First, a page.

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Horses go through extensive checks before races: chuck driver

Chuckwagon driver Kris Molle races during the GMC Rangeland Derby at the Calgary Stampede on Tuesday, July 9th, 2019. (PHOTO: Tom Ross - 660 NEWS)

CALGARY (660 NEWS) – The chuckwagon drivers at the Calgary Stampede and their families spend day in and day out with their horses.

A day in the barns starts between 6 a.m. and 7 a.m. and the day will go until midnight according to Canadian Professional Chuckwagon Association (CPCA) driver Kris Molle.

“We walk and exercise the horses, while others are cleaning out the stalls and giving them fresh water,” Molle said. “For those that were rolling around, we bathe them and make sure they are all clean.”

The horses are given their afternoon snack of hay and given a rest, which includes the lights off and a fan to keep them cool.

A similar routine is followed in the afternoon.

Before every race, the horse is checked by a vet to make sure that the horse is 100 per cent sound. Molle explains the drivers don’t want to put a horse or the other horses on the track in danger.

RELATED: Chuckwagon driver suspended after horse dies during Rangeland Derby

“They check their heart rate, breathing, temperature, along with their joints and muscles, and if a horse isn’t 100 per cent, then we rest them and put another horse in.”

The eight year CPCA veteran adds that each horse sees a medical professional at least once a week, whether it be a massage therapist, a chiropractor, or another doctor.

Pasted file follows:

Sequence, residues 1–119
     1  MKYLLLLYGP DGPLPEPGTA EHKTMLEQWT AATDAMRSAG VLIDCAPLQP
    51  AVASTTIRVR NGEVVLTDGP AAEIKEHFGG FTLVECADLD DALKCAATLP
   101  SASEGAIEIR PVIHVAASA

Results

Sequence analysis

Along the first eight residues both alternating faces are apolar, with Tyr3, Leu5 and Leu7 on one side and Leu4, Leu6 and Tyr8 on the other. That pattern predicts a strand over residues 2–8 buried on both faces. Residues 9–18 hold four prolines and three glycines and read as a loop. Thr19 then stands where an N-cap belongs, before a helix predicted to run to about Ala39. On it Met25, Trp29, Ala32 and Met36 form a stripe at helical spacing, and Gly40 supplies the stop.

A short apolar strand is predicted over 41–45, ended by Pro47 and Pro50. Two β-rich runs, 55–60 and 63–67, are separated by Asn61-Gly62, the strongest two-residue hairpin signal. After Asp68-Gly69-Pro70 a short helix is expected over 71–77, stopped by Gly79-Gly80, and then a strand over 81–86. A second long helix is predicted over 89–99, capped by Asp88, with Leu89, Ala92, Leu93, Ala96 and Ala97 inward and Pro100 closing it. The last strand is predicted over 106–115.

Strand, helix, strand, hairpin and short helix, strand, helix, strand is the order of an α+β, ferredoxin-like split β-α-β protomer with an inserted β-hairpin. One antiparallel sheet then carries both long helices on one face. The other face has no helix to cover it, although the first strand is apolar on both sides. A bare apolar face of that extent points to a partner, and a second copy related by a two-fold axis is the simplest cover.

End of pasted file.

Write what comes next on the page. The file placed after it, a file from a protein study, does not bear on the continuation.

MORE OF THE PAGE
Each horse has a microchip that is scanned by the vet when they are checked. It also keeps track of how often a horse can race.

“They are allowed to run three days with one day off, but if you run them four then they have to have two nights off,” Molle said. “You can run the one night and then rest them another and that is also okay.”

Molle said that with the amount of time a driver spends with their horses they get to know them to the point that if something isn’t okay, they can tell.

“You try to protect the other horses, and horses can trip or stumble just like a human in a foot race, so when that happens you let up and slow down to take care of them.”

Molle notes that just like humans, horses need to train–they aren’t just able to hit the track rearing to go. It takes months of training and building their muscles to make sure they are physically sound and healthy.

RELATED: Another horse dies after chuckwagon race at Calgary Stampede

That carries over to the day of the race as well, the horses are warmed up and cooled down just like any other athlete.

Another aspect where safety plays a measure is the tack.

“Starting with the wagon, it has to weigh a certain amount, and it is gone over to make sure that there are no sharp edges that can cut a horse.”

There is also x-ray machine used to check the poles on the wagon, to be sure that there is nothing there that will cause a crash.